gram-negative

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gram-negative

 [gram-neg´ah-tiv]
losing the stain or decolorized by alcohol in Gram's method of staining; see Gram stain. This is a primary characteristic of bacteria having a cell wall composed of a thin layer of peptidoglycan covered by an outer membrane of lipoprotein and lipopolysaccharide.

gram-neg·a·tive

(gram-neg'ă-tiv), In this expression gram begins with lowercase g but Gram stain takes an uppercase G.
Refers to the inability of a type of bacterium to resist decolorization with alcohol after being treated with crystal violet. However, following decolorization, these bacteria can be readily counterstained with safranin, imparting a pink or red color to them when viewed by light microscopy. This reaction is usually an indication that the outer structure of the bacterium consists of a cytoplasmic (inner) membrane surrounded by a relatively thin peptidoglycan layer, which in turn is surrounded by an outer membrane. See: Gram stain.

gram-negative

/gram-neg·a·tive/ (-neg´ah-tiv) losing the stain or decolorized by alcohol in Gram's method of staining, characteristic of bacteria having a cell wall surface more complex in chemical composition than the gram-positive bacteria.

gram-negative

or

Gram-negative

(grăm′nĕg′ə-tĭv)
adj.
Of, relating to, or being a bacterium that does not retain the violet stain used in the Gram stain method.

gram-negative

Etymology: Hans C.J. Gram, Danish physician, 1853-1938; L, negare, to say no
having the pink color of the counterstain used in Gram's method of staining microorganisms. This property is a primary method of characterizing organisms in microbiology. Some of the most common gram-negative pathogenic bacteria are Bacteroides fragilis, Brucella abortus, Escherichia coli, Haemophilus influenzae, Klebsiella pneumoniae, Neisseria gonorrhoeae, Proteus vulgaris, Pseudomonas aeruginosa, Salmonella typhi, Shigella dysenteriae, and Yersinia pestis.

gram-neg·a·tive

(gram-neg'ă-tiv)
Refers to the inability of a bacterium to resist decolorization with alcohol after being treated with Gram crystal violet. However, following decolorization, these bacteria can be readily counterstained with safranin, imparting a pink or red color to the bacterium when viewed by light microscopy.
See: Gram stain

Gram-negative

see GRAM'S STAIN.

Gram-negative

Refers to the property of many bacteria that causes them to not take up color with Gram's stain, a method which is used to identify bacteria. Gram-positive bacteria which take up the stain turn purple, while Gram-negative bacteria which do not take up the stain turn red.

gram-neg·a·tive

(gram-neg'ă-tiv)
Refers to the inability of a type of bacterium to resist decolorization with alcohol after being treated with crystal violet.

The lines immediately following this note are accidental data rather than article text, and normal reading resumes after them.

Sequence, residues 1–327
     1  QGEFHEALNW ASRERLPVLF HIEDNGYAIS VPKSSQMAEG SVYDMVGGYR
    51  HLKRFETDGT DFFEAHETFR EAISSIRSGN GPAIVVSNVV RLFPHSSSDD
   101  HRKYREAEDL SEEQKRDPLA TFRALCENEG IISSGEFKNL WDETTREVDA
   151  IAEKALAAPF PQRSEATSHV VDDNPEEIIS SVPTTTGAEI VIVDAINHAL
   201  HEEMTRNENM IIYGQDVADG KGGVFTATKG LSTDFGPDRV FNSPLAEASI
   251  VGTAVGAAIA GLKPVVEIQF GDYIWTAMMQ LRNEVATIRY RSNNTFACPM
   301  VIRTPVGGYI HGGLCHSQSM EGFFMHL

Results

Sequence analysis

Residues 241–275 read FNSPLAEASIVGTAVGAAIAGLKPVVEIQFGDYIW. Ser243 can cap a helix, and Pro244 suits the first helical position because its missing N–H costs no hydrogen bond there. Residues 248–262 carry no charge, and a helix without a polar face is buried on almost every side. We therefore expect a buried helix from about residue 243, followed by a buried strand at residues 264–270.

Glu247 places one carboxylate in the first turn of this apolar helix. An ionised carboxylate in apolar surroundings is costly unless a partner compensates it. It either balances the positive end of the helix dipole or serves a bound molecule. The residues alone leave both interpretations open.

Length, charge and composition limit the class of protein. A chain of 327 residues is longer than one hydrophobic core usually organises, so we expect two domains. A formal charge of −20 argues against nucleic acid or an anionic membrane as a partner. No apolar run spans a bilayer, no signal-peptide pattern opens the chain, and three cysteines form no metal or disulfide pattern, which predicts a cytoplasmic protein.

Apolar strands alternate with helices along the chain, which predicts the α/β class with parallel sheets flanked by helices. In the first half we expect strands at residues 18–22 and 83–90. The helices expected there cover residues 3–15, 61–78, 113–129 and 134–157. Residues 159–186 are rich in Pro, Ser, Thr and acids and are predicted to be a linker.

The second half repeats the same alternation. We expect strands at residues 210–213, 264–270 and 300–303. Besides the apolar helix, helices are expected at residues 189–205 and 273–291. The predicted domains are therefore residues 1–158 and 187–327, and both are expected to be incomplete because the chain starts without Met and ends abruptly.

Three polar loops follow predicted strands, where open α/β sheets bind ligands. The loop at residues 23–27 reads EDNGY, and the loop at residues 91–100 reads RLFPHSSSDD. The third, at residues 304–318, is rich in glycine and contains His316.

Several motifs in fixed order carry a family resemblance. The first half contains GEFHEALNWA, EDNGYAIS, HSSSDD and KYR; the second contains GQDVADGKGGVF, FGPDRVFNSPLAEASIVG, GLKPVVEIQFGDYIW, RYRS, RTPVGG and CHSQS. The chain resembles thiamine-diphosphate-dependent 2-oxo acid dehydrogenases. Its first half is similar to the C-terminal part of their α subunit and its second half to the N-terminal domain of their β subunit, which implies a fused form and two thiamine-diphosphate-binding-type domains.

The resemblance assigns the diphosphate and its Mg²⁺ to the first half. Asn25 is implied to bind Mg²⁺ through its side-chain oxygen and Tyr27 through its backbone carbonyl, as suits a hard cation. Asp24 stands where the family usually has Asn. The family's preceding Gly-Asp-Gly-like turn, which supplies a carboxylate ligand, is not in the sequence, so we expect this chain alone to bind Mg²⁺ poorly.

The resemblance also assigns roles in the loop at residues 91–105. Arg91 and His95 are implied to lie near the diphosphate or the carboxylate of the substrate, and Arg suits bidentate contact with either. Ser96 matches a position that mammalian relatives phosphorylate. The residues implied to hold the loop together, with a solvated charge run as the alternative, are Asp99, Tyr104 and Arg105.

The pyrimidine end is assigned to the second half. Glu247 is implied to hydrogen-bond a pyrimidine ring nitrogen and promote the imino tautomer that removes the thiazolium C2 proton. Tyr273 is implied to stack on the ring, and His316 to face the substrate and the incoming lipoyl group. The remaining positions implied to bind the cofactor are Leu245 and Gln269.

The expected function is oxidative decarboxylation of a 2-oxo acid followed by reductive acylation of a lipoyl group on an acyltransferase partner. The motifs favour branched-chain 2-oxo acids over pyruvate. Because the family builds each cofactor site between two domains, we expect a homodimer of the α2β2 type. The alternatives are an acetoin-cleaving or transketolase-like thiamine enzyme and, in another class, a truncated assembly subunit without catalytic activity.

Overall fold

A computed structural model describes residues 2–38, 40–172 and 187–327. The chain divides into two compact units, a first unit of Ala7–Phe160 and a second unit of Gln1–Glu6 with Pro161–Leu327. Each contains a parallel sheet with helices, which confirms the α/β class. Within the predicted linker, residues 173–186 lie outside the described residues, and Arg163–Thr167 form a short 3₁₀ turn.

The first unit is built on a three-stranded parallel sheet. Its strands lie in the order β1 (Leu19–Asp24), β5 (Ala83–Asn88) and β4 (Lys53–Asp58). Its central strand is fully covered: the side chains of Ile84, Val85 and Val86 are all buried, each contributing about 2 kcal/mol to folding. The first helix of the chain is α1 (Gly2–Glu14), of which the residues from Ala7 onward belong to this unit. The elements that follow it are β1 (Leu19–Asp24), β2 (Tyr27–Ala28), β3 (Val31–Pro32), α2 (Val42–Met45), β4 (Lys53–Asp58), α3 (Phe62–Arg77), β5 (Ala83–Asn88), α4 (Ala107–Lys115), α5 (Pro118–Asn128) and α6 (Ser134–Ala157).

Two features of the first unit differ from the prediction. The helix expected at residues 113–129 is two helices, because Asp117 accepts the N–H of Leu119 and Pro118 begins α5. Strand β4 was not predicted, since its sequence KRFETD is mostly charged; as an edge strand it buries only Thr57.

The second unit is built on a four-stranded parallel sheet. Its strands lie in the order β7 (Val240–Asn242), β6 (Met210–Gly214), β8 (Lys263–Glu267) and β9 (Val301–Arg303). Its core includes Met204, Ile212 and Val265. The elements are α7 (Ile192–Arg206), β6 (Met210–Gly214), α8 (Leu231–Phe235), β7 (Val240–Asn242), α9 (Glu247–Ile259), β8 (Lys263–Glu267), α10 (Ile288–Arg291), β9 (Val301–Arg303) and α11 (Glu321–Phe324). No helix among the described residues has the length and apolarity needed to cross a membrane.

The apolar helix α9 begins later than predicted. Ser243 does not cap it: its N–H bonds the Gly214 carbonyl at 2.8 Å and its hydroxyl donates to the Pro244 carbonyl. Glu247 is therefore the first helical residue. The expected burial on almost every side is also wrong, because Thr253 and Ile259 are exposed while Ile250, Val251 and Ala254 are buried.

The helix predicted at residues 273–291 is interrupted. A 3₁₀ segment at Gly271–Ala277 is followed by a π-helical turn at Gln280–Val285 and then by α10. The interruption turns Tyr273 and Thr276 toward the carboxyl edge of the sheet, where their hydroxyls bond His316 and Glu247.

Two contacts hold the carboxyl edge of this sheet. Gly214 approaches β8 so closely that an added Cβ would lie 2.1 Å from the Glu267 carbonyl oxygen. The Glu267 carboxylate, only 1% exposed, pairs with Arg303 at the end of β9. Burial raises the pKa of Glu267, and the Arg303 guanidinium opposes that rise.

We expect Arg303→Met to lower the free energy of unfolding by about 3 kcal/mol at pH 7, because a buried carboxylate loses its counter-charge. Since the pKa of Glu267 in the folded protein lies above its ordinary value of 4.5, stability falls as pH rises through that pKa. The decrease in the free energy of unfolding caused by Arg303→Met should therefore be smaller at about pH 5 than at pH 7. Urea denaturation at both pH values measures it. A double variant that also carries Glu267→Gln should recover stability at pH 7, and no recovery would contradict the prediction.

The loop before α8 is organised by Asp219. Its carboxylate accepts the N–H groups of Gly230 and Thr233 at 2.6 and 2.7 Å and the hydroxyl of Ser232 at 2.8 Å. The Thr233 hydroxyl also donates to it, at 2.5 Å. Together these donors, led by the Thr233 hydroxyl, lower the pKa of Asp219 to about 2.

gram-negative,

n having the pink color of the counterstain used in Gram's method of staining microorganisms. Staining property is a common method of classifying bacteria. See also Gram's stain.

gram-negative

said of bacteria that are decolorized by alcohol in Gram's method of staining (see gram's stain), and are thus stained only with the counter stain (usually red). Gram-negative bacteria have a much thinner layer of peptidoglycan in the cell wall than Gram-positive bacteria.
References in periodicals archive ?
Coverage of the Gram-Negative Bacterial Infections pipeline on the basis of route of administration and molecule type.
The company said Zavicefta (ceftazidime-avibactam) is a fixed-dose combination antibacterial that was developed to treat serious Gram-negative bacterial infections.
We are pleased that the data from this Phase 2 trial support plazomicin's potential utility as an important new treatment option for patients with certain serious Gram-negative bacterial infections," said Kenneth J.
The company said AVYCAZ is an antibiotic developed to treat certain serious Gram-negative bacterial infections.
Cubist is developing CXA-201 as a first-line intravenous therapy for the treatment of serious Gram-negative bacterial infections, including those caused by multi-drug resistant Pseudomonas aeruginosa.
According to the company, LpxC inhibitors have the potential to fill an important unmet medical need in the treatment of antibiotic-resistant gram-negative bacterial infections, including bacterial pneumonias and bloodstream infections and additionally have the potential to treat infections caused by biothreat pathogens.
Cubist is developing CXA-201 as a first-line intravenous therapy for the treatment of serious Gram-negative bacterial infections in the hospital, including those caused by multi-drug resistant Pseudomonas aeruginosa.
Steve Gilman, PhD, Cubist's Chief Scientific Officer, said, "We are pleased with the safety and microbiological response data from this study, which we believe supports the further development of CXA-201 as a useful therapeutic agent for the treatment of certain serious Gram-negative bacterial infections.
CXA-201 is being developed as a first-line intravenous therapy for the treatment of certain serious Gram-negative bacterial infections in the hospital, including those caused by multi-drug resistant P.
Multidrug-resistant Gram-negative bacterial infections are an area of significant unmet medical need, particularly in acute care settings.
Supports Development of Novel Compounds to Treat Multi-Drug Resistant Gram-Negative Bacterial Infections -
There is an urgent need for the development of new antibiotics to treat these and other gram-negative bacterial infections," said Steven Porter, Chairman and CEO of Ceragenix Pharmaceuticals.

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